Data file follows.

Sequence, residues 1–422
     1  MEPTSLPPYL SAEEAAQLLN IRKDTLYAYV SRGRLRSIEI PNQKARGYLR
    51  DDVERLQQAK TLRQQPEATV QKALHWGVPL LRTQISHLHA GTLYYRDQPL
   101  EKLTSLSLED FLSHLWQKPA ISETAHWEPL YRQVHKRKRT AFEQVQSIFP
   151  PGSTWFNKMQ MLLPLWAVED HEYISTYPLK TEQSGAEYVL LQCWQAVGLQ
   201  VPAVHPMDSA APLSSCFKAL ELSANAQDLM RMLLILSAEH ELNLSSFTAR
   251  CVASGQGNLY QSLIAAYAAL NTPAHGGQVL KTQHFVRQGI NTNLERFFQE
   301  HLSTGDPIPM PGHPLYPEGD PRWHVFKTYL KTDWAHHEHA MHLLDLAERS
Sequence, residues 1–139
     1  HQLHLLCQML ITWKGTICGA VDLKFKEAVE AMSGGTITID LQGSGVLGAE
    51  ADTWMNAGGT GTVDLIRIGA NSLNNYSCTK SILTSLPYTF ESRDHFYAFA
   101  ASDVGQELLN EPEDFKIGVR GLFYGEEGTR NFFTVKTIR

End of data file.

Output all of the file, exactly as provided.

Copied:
Sequence, residues 1–422
     1  MEPTSLPPYL SAEEAAQLLN IRKDTLYAYV SRGRLRSIEI PNQKARGYLR
    51  DDVERLQQAK TLRQQPEATV QKALHWGVPL LRTQISHLHA GTLYYRDQPL
   101  EKLTSLSLED FLSHLWQKPA ISETAHWEPL YRQVHKRKRT AFEQVQSIFP
   151  PGSTWFNKMQ MLLPLWAVED HEYISTYPLK TEQSGAEYVL LQCWQAVGLQ
   201  VPAVHPMDSA APLSSCFKAL ELSANAQDLM RMLLILSAEH ELNLSSFTAR
   251  CVASGQGNLY QSLIAAYAAL NTPAHGGQVL KTQHFVRQGI NTNLERFFQE
   301  HLSTGDPIPM PGHPLYPEGD PRWHVFKTYL KTDWAHHEHA MHLLDLAERS
Sequence, residues 1–139
     1  HQLHLLCQML ITWKGTICGA VDLKFKEAVE AMSGGTITID LQGSGVLGAE
    51  ADTWMNAGGT GTVDLIRIGA NSLNNYSCTK SILTSLPYTF ESRDHFYAFA
   101  ASDVGQELLN EPEDFKIGVR GLFYGEEGTR NFFTVKTIR